Mums on the mum forums tend to get rather excited by the toy sales. K Mart,Target and Big W all have toy sales at this time of year. Mothers line up to get their children the toys they want, and put those toys on lay by for Christmas. Then line up to retrieve the toys on Christmas Eve.
The toys sales and our family have little to do with each other. My kids are kind of past the toy phase of early childhood. They don't need any more toys. For gifts I've been giving them gifts of experience or activities, like going to a show or having lessons. I'll buy them books and cds (we know where to store them in our home.) I feel like we have already had most types of toys (most we got second hand) and I've already given those toys away to friends with younger children or to the op shops. I should add we don't have electronic games, ipods or Wii - we just aren't on that page.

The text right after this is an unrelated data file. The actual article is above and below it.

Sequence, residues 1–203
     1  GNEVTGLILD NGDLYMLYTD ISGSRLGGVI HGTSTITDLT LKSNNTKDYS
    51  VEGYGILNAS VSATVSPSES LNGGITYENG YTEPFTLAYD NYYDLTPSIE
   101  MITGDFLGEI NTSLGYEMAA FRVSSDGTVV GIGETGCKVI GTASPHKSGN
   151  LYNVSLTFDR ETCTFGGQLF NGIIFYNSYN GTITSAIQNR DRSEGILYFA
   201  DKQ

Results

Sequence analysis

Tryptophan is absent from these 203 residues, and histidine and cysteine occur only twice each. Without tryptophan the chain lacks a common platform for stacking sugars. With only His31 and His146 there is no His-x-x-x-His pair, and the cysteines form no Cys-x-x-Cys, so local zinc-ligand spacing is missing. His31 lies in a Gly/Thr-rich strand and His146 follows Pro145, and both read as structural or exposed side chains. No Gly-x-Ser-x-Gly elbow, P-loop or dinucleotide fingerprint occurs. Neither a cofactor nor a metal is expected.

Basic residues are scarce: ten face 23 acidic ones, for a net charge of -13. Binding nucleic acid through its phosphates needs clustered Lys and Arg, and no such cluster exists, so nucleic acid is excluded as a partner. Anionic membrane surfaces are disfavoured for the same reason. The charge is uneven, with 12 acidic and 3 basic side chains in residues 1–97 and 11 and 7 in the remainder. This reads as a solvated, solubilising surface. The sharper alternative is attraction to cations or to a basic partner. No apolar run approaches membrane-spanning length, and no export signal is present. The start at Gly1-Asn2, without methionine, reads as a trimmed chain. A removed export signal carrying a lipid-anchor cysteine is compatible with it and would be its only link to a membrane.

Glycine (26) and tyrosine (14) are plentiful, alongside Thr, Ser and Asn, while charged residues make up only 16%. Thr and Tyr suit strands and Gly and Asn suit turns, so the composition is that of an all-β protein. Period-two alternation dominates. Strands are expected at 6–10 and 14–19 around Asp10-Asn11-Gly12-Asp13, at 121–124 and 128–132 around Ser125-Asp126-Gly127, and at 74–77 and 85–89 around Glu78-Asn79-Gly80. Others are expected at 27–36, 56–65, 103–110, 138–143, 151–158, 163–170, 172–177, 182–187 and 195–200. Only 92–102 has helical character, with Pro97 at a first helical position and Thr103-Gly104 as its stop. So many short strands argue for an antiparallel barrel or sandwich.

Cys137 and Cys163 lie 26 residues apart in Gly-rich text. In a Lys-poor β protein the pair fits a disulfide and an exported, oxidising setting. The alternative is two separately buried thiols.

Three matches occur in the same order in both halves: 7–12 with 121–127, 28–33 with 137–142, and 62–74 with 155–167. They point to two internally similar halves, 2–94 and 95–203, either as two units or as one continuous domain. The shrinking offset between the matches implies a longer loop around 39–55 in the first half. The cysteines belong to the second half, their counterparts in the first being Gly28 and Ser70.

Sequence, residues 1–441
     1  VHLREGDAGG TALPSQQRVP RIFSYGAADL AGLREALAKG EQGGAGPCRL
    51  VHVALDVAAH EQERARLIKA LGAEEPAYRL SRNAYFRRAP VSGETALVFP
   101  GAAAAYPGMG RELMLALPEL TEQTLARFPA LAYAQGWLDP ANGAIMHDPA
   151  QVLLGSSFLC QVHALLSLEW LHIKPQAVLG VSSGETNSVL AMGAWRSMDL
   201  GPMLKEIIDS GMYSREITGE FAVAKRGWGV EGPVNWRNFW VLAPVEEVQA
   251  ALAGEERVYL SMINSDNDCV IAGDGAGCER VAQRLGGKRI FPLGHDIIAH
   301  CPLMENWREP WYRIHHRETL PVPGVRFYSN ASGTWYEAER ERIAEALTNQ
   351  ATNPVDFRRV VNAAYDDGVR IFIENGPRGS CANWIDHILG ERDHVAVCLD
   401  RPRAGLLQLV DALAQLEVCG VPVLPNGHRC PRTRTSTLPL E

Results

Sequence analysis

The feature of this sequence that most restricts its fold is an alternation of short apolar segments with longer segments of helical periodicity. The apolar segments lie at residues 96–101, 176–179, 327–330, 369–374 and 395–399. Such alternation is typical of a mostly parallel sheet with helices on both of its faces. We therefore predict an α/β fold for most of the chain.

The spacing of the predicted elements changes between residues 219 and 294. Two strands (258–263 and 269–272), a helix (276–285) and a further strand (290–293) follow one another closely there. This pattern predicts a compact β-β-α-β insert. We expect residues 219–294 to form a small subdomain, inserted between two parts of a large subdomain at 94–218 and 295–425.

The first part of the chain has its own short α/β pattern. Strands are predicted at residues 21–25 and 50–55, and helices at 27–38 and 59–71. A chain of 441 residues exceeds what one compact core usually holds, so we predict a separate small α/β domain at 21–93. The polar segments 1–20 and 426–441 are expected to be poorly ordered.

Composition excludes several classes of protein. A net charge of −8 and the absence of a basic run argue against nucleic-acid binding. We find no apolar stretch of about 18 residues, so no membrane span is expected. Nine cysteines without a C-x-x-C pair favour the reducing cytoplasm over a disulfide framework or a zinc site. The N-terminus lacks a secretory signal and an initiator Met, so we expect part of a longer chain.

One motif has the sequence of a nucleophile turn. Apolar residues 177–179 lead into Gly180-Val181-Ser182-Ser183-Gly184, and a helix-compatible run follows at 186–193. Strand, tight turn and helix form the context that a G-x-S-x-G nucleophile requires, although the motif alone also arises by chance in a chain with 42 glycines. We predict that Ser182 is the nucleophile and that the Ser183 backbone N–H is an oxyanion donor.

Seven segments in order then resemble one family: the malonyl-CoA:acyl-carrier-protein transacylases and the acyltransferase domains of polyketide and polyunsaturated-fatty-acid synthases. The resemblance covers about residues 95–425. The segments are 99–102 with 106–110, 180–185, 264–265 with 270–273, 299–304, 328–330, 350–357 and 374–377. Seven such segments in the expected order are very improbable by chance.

I did, however, pick up a catalogue from one of the shops and the children looked through it. What I noticed (aside from how gendered the presentation of toys are) is that the toys are now cheaper than they were five to ten years ago. How is that possible? What cost is not being factored into the equation? When we know that the earth's resources are limited (most of the materials are made from oil based products), and the conditions for factory workers in China (and yes, all these toys are made in China), what does that mean? Does it mean we don't care so long as we can buy our kids toys cheaply?
We can apply to same questions to clothes. Clothes are cheaper to buy now than they were five to ten years ago. How is that possible? Will that change with the introduction of a carbon tax? I hope so.
An article on how inaction on climate change will affect our children here.